When disaster strikes, nurses are expected to respond. If you’re currently pursuing a career as a nurse or considering becoming one, do you feel adequately prepared to respond?

All nurses, regardless of their position or tenure, are expected to assist with disaster response when one arises in their geographic location. To keep nurses sharp and on top of response protocol, most health care agencies practice disaster training on a regular basis. Here at Concordia, we provide similar training to current nursing students to start preparing them before they ever even enter the workforce. 

Our on-campus simulations are offered twice a year and are required course activity for both accelerated BSN students and traditional undergraduate nursing students currently in the population/community health course. Each simulation gives nursing students the chance to experience a disaster site, determine how best to respond, and practice care alongside their peers. 

“I think the most important knowledge to have when going into a disaster situation is the basics of first aid, excellent communication skills, infection control, and being an advocate for the patients you are caring for,” said Kathi Lengyel, nursing simulation lab coordinator.  

Several objectives guide the simulations and ensure each participant achieves the expected outcomes. They include:

  1. Identify, assess and treat as able the victims of the disaster per the SALT Triage Algorithm which is used by response teams in disasters large and small.  
  2. Identify and label victims of the disaster per the Triage Color Tag and move to a safe area if able. Triage color tags include black (dead or death is imminent), red (top priority/life-threatening injuries but can be stabilized without undue resource utilization/high probability of survival), yellow (priority/ injuries with systemic complication not life-threatening; can withstand wait of 45-60 minutes—condition could deteriorate with significant delay), and green (local injuries without immediate systemic complications that can wait several hours without risk of deterioration).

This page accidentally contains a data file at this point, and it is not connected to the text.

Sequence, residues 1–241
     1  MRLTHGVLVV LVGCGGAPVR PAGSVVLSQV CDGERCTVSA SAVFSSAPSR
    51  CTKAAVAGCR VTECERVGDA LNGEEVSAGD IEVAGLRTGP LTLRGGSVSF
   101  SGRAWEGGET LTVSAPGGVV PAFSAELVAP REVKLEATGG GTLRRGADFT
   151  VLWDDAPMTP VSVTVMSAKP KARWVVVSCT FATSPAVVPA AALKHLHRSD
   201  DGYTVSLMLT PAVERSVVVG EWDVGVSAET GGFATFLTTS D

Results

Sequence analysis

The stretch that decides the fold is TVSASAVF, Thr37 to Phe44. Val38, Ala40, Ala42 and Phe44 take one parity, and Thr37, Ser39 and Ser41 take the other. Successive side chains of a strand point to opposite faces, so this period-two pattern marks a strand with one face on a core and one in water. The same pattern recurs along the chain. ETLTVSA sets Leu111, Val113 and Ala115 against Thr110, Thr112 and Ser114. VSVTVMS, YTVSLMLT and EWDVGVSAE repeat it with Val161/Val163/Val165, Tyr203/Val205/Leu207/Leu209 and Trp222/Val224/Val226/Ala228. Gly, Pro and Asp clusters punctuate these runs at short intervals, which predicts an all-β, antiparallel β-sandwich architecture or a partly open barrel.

3. Provide a full report of the disaster victims to the Operations Section Chief.
  4. Discuss the disaster management cycle and the role of nursing following completion of the simulation.

The key takeaway for each participant in the activity is that a disaster similar to the simulation could happen anywhere and at anytime. Exposure to these types of simulations helps nursing students practice their responses and develop muscle memory to assist in a situation such as this one.  

Although the students who participated in the simulation will receive training like this in the workplace once they graduate and step into a professional role, we think it’s never too early to start preparing. If you’re a current student or someone who is considering nursing school, make sure the program you choose provides extra training opportunities like this. 

To learn more about Concordia’s School of Nursing, explore our programs page.

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